a The answer is

1 yes, why not?;
2 no, because it is not a repeatable experiment;
3 I wish it does!

b How should one reformulate the question to make probabilistic sense to it?

1 It snows in Gothenburg on the 1st of January;
2 It always snows on the 1st of January;
3 It rains on the 1st of January 2017.

a no, because it is not a repeatable experiment;

b It snows in Gothenburg on the 1st of January;

9

What does it mean formally

a that an event E happens?

1 That the observed elementary outcome is an element of E;
2 That the observed elementary outcome is not an element of E;
3 That the observed elementary outcome is an element of the sample space

b that an event E does not happen?

1 That the observed elementary outcome is an element of E;
2 That the observed elementary outcome is not an element of E;
3 That the observed elementary outcome is an element of the sample space

a That the observed elementary outcome is an element of E;

b That the observed elementary outcome is not an element of E;

10

The rules of Probability concerning the unions and intersections of sets (events)

is similar to those of

1 length
2 area
3 volume
4 electrical charge
5 all of these

All of these

11

Let A and B be two events happening with positive probability.

a How do P(A) and P(A|B) compare?

1 No relation
2 P(A) > P(A|B)
3 P(A) < P(A|B)
4 P(A) = P(A|B)

What does P(A|B) > P(A) imply?

1 Nothing
2 P(B|A)
3 P(B|A)>P(B)
4 P(AB)=0

a No relation
b P(B|A)>P(B)

12

Let A,B,C be events such that P(ABC) > 0.

What is P(ABC) always equal to?

1 0
2 1
3 P(A) P(B) P(C)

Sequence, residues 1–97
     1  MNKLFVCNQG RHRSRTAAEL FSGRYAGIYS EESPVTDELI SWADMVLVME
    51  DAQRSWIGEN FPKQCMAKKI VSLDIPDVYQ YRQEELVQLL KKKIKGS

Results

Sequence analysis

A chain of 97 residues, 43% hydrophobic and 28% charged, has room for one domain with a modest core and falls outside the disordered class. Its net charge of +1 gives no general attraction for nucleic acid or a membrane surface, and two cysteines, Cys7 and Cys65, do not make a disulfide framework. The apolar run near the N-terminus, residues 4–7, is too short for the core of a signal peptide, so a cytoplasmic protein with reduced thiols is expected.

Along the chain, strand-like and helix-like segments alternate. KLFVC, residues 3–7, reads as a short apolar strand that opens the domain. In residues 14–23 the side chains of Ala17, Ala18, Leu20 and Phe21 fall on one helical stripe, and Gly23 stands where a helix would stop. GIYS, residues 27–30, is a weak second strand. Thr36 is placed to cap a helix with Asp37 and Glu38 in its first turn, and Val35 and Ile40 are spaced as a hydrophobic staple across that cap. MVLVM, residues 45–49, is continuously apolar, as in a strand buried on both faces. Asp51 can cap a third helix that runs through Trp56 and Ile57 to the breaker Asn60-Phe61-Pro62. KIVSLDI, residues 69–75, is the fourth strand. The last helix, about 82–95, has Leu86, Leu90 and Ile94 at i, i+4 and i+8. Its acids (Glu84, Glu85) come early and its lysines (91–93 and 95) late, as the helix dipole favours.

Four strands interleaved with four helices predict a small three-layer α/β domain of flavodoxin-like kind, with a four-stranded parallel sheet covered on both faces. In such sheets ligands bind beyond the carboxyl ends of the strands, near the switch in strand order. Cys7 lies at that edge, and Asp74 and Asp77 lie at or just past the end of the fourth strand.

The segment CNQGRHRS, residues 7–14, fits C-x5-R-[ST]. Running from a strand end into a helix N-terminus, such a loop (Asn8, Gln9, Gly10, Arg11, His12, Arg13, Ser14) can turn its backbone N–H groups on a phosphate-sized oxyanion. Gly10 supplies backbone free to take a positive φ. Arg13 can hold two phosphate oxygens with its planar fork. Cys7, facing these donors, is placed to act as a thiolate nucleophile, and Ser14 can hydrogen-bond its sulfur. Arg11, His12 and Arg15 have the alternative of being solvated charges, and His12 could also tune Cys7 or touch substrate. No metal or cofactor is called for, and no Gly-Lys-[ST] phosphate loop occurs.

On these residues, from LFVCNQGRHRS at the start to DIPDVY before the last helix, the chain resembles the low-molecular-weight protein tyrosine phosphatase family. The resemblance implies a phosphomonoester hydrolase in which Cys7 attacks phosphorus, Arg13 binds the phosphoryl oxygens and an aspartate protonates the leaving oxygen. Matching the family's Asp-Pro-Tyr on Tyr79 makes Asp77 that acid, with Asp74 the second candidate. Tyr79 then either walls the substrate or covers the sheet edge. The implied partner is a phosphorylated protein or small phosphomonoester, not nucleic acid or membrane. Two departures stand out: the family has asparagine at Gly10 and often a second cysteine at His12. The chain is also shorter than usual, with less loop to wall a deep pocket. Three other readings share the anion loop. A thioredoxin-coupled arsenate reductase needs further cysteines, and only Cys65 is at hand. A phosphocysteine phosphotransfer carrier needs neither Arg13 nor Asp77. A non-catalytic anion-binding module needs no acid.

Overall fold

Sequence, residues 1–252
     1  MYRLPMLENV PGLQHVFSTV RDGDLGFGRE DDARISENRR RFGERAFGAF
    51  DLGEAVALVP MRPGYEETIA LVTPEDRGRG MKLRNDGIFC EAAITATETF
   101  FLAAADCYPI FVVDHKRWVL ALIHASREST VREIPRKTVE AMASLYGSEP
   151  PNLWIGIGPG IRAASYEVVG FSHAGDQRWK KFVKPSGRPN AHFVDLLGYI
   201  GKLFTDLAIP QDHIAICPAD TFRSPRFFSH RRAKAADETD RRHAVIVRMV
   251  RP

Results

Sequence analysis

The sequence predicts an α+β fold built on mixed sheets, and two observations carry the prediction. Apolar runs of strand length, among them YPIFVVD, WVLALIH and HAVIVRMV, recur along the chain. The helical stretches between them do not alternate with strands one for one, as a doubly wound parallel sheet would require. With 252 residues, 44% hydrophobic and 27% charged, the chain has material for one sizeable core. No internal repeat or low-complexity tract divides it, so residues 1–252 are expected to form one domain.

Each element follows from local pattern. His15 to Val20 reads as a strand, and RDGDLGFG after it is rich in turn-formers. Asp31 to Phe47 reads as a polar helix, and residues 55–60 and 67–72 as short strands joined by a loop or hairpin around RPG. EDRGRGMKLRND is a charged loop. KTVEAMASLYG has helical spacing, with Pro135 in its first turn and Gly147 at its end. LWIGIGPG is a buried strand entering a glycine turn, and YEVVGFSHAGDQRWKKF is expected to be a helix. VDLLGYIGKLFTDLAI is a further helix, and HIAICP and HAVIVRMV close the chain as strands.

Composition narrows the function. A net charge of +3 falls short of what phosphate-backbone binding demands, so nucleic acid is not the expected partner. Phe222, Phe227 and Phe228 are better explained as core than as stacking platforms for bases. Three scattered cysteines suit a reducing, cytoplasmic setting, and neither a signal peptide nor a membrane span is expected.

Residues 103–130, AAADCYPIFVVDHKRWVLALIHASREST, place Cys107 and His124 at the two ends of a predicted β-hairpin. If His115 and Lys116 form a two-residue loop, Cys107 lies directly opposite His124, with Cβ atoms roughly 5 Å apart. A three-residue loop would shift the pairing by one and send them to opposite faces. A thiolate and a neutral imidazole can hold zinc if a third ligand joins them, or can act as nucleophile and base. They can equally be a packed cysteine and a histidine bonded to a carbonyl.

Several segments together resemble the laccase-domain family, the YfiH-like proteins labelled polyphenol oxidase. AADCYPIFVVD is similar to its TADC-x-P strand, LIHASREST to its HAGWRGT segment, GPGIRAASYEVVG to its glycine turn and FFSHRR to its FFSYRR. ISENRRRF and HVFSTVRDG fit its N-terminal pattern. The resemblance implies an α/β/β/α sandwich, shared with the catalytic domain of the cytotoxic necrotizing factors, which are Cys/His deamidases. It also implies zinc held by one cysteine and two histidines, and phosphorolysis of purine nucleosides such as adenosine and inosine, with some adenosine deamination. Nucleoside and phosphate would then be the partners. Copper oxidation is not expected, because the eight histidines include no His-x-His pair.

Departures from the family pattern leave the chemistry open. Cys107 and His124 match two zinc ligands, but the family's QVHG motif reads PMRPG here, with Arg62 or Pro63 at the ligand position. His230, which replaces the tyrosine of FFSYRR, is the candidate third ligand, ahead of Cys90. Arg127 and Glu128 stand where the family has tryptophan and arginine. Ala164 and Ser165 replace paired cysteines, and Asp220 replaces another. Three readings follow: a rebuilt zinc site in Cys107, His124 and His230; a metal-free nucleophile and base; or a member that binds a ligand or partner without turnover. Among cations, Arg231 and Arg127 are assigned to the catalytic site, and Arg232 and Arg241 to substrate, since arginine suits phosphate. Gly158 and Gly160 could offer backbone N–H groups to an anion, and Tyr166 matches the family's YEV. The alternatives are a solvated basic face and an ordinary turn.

4 P(A|B) P(B|C) P(C|A)
5 P(A) P(B|A) P(C|AB)

5 P(A) P(B|A) P(C|AB)

13

Let B,C and D be events of positive probabilities.

For the Full Probability formula
P(A)=P(A|B)P(B)+P(A|C)P(C)+P(A|D)P(D)
to be true, it is necessary and sufficient that B,C,D are...

1 disjoint
2 covering the whole sample space
3 of equal probabilities
4 forming a partition of the sample space
5 independent

4 forming a partition of the sample space

14

Let positive probability events A and B be such that P(A|B)=P(A|Bc).

Which of the following are then true?
1. P(A) = P(B)
2. P(A) = P(A|B)
3. A and B are independent
4. P(B) = 1/2



1 Only 1
2 Only 2
3 Only 3
4 Only 4
5 1 and 2
6 1 and 3
7 1 and 4
8 2 and 3
9 2 and 4
10 3 and 4
11 All
12 None

8. 2 and 3

15

What is a random variable?

In mathematical terms, a discrete random variable is

1 a variable which value is unknown
2 a variable which value is random
3 a function on the sample space
4 it is not a mathematical notion

3. a function on the sample space

16

Assume that X is a discrete random variable on a sample space S and f is a continuous function on the real line R

Is f(X) a random variable?